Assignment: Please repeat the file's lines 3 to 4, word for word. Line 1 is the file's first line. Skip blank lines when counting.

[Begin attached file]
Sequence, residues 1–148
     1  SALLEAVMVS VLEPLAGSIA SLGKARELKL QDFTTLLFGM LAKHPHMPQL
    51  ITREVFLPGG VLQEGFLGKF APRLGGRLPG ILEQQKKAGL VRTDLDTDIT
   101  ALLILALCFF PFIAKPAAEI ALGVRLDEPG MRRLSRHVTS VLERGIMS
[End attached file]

    51  ITREVFLPGG VLQEGFLGKF APRLGGRLPG ILEQQKKAGL VRTDLDTDIT
   101  ALLILALCFF PFIAKPAAEI ALGVRLDEPG MRRLSRHVTS VLERGIMS